DIM supports healthy hormonal balance and promotes healthy estrogen levels
Diindolylmethane is formed in the body from plant substances contained in “cruciferous” vegetables such as cabbage, Brussels sprouts, cauliflower, and broccoli. Scientists think these vegetables may help to protect the body against cancer because they contain diindolylmethane and a related chemical called indole-3-carbinol.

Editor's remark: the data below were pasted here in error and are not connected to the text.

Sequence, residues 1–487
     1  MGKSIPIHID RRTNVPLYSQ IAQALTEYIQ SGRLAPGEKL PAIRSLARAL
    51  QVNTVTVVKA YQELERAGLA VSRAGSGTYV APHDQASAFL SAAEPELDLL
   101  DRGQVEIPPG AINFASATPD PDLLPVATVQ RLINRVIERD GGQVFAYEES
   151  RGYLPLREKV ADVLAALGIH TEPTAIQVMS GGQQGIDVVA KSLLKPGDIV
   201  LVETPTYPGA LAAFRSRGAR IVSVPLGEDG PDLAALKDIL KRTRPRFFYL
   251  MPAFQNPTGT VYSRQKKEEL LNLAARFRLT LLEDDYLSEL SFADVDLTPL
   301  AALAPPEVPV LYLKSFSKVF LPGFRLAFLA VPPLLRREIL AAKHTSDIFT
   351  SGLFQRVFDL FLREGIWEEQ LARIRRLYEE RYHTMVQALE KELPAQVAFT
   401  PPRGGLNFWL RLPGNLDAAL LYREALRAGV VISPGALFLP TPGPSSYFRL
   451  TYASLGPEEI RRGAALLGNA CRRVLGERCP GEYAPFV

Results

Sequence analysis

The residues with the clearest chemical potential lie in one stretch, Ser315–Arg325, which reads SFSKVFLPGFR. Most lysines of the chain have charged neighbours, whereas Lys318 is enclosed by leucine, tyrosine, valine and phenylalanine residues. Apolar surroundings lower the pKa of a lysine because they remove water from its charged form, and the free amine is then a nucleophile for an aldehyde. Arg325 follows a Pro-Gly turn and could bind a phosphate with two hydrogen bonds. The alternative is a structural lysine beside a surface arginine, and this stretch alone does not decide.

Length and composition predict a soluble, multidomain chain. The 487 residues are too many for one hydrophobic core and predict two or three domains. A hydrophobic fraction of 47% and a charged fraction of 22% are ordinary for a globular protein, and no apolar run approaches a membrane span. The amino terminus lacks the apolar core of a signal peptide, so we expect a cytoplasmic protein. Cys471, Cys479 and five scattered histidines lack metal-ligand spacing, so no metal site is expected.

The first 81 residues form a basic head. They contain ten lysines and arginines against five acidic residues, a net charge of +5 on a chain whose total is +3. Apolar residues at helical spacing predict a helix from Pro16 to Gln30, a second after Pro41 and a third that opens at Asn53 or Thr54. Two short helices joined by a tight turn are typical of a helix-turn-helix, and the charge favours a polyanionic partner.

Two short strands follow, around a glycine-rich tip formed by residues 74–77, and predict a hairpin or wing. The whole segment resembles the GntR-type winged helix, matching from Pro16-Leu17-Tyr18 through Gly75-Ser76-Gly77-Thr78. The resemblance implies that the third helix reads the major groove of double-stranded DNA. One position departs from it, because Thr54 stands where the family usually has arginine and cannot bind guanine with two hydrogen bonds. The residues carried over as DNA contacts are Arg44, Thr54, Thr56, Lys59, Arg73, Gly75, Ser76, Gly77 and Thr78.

Like estrogen, DIM can be metabolised only by a special class of cytochrome enzymes that reside in cell membranes in the non-water part of cells. This special metabolic pathway for DIM, and the enzymes involved, precisely overlap with the pathway needed for healthy estrogen metabolism.